1 of 1
BY JOHN COX Californian staff writer email@example.com
The film screening inside a Bakersfield church hall was never intended to be a community forum about fracking.
But because of one technical problem after another, and a few restive oil and gas industry people in the audience, there was almost no avoiding it.
So planned or not, Saturday afternoon's unsuccessful showing of filmmaker Josh Fox's anti-fracking movie "Gasland Part II" turned into what may have been the most open fracking debate in Bakersfield history.
There were indications ahead of time that this might happen, despite the efforts of organizers with the environmental groups Clean Water Action, the Sierra Club and Earthworks.
The oil industry learned of the event at St. Paul's Episcopal Church and made plans to "fill the seats with pro-industry people," according to an industry email that ended up being posted on the Internet Thursday. Ultimately, though, there were more than enough seats for everyone, and both sides were well represented.
During an intermission brought on by a series of computer malfunctions, the meeting of more than 60 people developed into a polite but passionate back-and-forth about fracking's merits and drawbacks.
Hydraulic fracturing, an oil field technique used for decades in Kern County, injects water, sand and sometimes toxic chemicals underground at high pressure to open oil and gas reserves. Environmentalists say it carries air and groundwater pollution risks, while oil companies assert there is no evidence of actual contamination.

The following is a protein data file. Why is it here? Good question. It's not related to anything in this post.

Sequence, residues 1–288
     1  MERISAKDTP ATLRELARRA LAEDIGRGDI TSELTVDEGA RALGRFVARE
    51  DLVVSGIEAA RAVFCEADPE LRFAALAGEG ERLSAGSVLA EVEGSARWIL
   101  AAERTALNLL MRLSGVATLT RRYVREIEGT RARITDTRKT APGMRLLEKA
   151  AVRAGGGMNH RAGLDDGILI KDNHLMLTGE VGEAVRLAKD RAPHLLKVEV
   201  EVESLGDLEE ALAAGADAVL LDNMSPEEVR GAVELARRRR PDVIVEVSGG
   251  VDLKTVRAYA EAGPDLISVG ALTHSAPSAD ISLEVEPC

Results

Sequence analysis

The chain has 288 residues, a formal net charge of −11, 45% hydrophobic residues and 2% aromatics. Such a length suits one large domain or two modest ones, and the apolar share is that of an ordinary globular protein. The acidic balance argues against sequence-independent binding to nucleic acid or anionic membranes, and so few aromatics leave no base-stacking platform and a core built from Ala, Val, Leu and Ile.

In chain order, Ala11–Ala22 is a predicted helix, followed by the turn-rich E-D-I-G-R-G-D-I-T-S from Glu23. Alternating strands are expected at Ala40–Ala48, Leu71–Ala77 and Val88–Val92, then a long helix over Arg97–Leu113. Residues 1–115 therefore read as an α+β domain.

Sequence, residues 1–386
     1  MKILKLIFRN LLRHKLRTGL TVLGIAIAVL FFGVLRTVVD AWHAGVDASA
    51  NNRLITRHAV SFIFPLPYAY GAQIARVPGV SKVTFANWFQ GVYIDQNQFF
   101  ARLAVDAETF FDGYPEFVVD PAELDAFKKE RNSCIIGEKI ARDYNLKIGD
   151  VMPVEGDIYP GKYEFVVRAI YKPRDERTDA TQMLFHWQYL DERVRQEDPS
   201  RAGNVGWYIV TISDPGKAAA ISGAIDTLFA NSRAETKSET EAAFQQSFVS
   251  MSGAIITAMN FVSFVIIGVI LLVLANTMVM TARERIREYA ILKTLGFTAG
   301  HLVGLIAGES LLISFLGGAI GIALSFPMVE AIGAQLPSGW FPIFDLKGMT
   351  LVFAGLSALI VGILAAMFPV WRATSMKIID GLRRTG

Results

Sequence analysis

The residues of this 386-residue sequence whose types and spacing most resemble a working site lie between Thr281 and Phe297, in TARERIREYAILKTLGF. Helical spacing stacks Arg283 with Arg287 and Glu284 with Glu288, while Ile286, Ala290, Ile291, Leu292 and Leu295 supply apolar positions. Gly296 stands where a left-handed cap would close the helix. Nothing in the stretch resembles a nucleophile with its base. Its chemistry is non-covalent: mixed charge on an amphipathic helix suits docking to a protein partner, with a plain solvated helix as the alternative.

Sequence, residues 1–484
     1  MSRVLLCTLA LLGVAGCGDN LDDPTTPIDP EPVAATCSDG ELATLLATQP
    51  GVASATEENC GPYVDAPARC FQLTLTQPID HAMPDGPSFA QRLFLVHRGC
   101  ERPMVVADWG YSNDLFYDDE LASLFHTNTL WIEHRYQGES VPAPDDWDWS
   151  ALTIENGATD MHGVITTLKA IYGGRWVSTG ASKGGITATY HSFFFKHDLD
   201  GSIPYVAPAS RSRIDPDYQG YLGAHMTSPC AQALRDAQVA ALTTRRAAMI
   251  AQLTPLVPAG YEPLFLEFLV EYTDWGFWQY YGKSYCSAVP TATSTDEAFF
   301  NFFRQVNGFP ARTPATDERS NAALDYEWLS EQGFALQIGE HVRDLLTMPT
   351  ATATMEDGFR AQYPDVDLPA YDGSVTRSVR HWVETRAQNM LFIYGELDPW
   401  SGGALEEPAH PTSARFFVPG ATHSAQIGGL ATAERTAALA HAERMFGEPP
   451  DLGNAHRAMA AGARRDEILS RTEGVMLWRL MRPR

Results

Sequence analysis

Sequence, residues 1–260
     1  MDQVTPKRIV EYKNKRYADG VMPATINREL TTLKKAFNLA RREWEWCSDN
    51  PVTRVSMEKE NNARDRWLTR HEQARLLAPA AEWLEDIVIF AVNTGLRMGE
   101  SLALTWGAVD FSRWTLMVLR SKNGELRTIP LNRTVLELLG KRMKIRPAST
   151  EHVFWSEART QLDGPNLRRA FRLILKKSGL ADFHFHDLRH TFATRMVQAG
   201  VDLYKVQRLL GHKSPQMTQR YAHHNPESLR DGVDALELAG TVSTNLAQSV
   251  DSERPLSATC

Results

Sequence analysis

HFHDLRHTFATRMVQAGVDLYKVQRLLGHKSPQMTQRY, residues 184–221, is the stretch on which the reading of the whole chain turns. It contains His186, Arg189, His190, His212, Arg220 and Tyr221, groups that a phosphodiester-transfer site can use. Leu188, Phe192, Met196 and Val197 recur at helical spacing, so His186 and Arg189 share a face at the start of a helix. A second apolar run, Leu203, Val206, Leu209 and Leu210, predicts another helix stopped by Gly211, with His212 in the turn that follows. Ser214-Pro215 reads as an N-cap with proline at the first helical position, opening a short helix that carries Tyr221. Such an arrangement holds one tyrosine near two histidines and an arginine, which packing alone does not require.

A state law that took effect Jan. 1 imposed California's first fracking-specific rules, which industry blames for recent layoffs in Kern County. Many environmental groups say stricter regulations are needed, and they are pushing for a fracking moratorium now before state lawmakers.
Event coordinators took the technical glitches as an opportunity to hear from environmentalists.
A local organizer with Clean Water Action, Rosanna Esparza, said her group is neutral on oil production itself, and certainly doesn't want to kill jobs. But she said it does want to ensure clean air and water.
Two other local environmental activists took the microphone next, calling for vigilance in the face of Kern's busy oil industry and a dearth of public information about its activities.
That's when Bakersfield oil engineer Daryl Curtis, sitting near the front row, raised his hand.
Suddenly, an assistant minister at St. Paul's, the Rev. Deborah DeBoer, was put in the position of moderating a debate. Asking only for civility, she called on several in the audience to take the microphone at the front of the hall.
Curtis was first up. He acknowledged, without going into specifics, that some local oil companies don't do their work very well, though others do. He said fracking can be done safely, and that Gasland doesn't present the industry's perspective fairly.
Another industry supporter, Dave Quast, California director at Energy In Depth, said he supports vigorous regulations, "but it's also important to tell the truth" about fracking.
Quast quipped that Saturday's computer trouble may have resulted from "the karma of using fossil fuels to run these things."
Activists on the other side of the issue voiced support for the proposed moratorium, Senate Bill 1132.
Bakersfield's Mary Helen Barro accused the oil and gas industry of being disingenuous, saying they had to be aware of problems related to fracking.
"There are people that cannot drink their water," she said. "That's the bottom line."
Two hours into the event, at about 7 p.m., it became clear the movie would not be shown in its entirety. At that point a man who appears in the film, the former mayor of Dish, Texas, Calvin Tillman, spoke to the audience.
Tillman had left the town in 2011 when his young sons started having bad nosebleeds he attributed to nearby fracking in the Barnett Shale.
Thanking industry people for showing up, he called on oil companies to deal fairly with victims of fracking.
"One of the things that we need to have is an open and honest discussion on energy," he said.
DeBoer thanked everyone for coming then asked for help putting away chairs.